Spring is in full fling now, and that probably means your local farmers markets are open and filled with the first local produce. Here on the Westcoast of Canada, the growing season is a couple weeks behind, but while the weather feels like mid summer these days, its still just the beginning. One of the colourful things in the markets right now, along with all the green, is radishes. These seemingly ubiquitous red orbs are taken for granted as that crunchy bit of red in a common green salad, or thrown onto a veggie and dip platter at endless BBQ's. Why is that we forget how beautiful this vegetable is. Crunchy, juicy, peppery and beautiful to look at, it has everything we want in a vegetable and I find myself feeling like a bit of crusader for these beauties. Stop, now and reflect upon Les Radis!
I started to really appreciate radishes when in France during spring. The French Breakfast radish is the radish of choice there and my personal favourite. Markets were bursting with abundant displays of this most glorious root. We ate them on picnics with butter, baguettes and cheese, and some special occasion sea salt- the perfect way to enjoy them.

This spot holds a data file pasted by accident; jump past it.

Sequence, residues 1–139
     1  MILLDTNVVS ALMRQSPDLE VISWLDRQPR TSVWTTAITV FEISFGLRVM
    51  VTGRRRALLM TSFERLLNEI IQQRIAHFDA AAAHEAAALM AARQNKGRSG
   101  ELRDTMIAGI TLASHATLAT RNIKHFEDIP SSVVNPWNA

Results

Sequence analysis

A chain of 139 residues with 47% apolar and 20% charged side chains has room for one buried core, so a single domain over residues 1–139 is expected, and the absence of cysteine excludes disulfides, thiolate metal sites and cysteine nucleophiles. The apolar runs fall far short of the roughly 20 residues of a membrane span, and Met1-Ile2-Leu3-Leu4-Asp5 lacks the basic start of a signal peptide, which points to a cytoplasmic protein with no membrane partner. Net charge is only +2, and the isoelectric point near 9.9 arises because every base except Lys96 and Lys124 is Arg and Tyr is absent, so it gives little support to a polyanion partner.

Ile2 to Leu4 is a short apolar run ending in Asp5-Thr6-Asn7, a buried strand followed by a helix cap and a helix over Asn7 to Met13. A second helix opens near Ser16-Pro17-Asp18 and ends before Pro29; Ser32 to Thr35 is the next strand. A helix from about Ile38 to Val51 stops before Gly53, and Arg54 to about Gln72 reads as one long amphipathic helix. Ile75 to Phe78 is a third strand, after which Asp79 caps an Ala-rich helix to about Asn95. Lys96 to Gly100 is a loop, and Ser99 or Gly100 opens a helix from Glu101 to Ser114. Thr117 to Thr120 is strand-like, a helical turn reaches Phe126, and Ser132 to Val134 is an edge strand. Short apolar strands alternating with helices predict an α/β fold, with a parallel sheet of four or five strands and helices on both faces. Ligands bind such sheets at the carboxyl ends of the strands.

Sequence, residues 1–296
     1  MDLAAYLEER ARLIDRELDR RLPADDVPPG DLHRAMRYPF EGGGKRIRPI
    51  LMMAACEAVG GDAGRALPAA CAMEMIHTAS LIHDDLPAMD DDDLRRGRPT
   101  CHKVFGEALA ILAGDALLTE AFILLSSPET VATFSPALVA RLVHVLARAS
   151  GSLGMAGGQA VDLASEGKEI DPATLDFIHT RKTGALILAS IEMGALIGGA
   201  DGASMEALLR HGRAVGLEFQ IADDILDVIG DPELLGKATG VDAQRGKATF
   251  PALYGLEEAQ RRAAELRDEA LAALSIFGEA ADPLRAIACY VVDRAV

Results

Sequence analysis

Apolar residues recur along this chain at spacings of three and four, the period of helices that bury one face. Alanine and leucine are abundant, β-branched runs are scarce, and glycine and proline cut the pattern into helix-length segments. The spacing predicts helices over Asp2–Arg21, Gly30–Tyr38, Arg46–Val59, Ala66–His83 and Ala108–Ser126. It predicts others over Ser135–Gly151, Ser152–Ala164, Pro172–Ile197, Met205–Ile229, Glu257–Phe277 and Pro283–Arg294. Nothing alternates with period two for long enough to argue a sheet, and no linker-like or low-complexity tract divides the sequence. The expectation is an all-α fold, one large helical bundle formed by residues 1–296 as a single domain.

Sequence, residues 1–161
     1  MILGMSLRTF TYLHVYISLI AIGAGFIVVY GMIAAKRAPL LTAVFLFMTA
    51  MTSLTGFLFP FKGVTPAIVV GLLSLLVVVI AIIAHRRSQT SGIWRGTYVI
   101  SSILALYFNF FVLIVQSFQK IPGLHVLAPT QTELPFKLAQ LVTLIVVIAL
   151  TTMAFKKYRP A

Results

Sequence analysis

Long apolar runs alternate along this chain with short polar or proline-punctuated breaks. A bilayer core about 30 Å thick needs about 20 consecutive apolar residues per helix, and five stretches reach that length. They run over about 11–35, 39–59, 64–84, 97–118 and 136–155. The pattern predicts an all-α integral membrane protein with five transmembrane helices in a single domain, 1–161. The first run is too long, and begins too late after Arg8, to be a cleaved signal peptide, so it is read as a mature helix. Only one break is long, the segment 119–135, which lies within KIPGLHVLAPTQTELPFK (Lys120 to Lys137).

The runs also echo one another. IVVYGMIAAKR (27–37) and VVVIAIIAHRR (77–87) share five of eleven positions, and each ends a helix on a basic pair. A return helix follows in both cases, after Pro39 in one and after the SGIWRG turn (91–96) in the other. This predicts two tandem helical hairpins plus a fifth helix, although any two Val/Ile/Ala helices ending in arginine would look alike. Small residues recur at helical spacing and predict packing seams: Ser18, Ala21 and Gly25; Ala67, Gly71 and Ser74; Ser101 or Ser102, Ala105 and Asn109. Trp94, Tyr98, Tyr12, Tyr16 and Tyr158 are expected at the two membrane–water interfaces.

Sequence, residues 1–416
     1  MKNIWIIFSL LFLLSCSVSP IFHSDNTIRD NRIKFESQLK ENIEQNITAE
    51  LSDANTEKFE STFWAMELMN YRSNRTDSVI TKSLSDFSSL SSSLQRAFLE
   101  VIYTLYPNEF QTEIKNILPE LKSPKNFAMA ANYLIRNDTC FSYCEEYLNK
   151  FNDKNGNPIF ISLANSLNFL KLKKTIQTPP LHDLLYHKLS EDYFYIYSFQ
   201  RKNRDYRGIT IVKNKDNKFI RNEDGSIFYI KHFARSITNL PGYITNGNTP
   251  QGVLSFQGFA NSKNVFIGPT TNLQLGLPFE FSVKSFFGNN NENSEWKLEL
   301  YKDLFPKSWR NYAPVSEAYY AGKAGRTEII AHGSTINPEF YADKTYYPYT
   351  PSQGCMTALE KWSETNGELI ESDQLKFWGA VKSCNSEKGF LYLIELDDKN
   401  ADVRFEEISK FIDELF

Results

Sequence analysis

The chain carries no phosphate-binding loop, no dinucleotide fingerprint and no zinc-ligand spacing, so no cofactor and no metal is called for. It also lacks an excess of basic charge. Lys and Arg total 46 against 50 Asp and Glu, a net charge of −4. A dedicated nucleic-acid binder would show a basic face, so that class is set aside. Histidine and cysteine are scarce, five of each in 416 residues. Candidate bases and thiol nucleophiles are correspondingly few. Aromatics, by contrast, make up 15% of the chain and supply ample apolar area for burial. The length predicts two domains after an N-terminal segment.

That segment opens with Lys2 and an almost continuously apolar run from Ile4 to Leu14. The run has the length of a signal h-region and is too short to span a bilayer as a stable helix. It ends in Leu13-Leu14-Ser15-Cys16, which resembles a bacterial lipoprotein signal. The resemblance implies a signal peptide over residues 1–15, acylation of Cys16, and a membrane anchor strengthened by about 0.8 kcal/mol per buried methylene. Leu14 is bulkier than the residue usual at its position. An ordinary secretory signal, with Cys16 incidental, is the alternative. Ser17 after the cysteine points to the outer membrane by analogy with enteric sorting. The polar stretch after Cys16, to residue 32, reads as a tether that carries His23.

French Breakfast radishes are an elongated variety with magenta tops and white tips- slender and elegant. They tend to have shorter, more tender leaves, perfect for nibbling along with the vegetable. No need to completely de-stem these. In fact the leaves of these can be used in soups, salad and even pesto. Their mild pepperiness is pleasing, with a sweetness and a balance of juicy and crunch. No other raw vegetable looks as striking on a platter and their slender shape facilitates dipping. And did you know you can cook radishes? A quick turn in the pan with a little stock and olive oil, their flavour mellows and softens.
Why French Breakfast? Well, that's one of those culinary mysteries that there doesn't seem to be a definitive answer. I don't think anytime in recent history have they been part of petit dejeuner, but if you are a francophile like me, its seems like a lovely name for a vegetable.
Since they are abundant at this time of year and really at their best, I advise picking up at least a couple bunches a week. When summer starts to heat up, radishes seem stronger, less delicate and start to lose their light crunch. They keep beautifully when treated with care. Here's what I do: give them a good wash, then soak them in barely cold water, which allows the cells to absorb the water easier, for about 30 minutes, drain, and store in a container in the fridge. Treated this way they are ready for snacking and will keep for a couple weeks.
My favourite way to serve them:
- Alongside a plate of cured meats.
- Raw and dipped in fleur de sel
- With a favourite loaf of bread and some tasty butter.
- On top of ricotta or cream cheese crostini sprinkled with chives.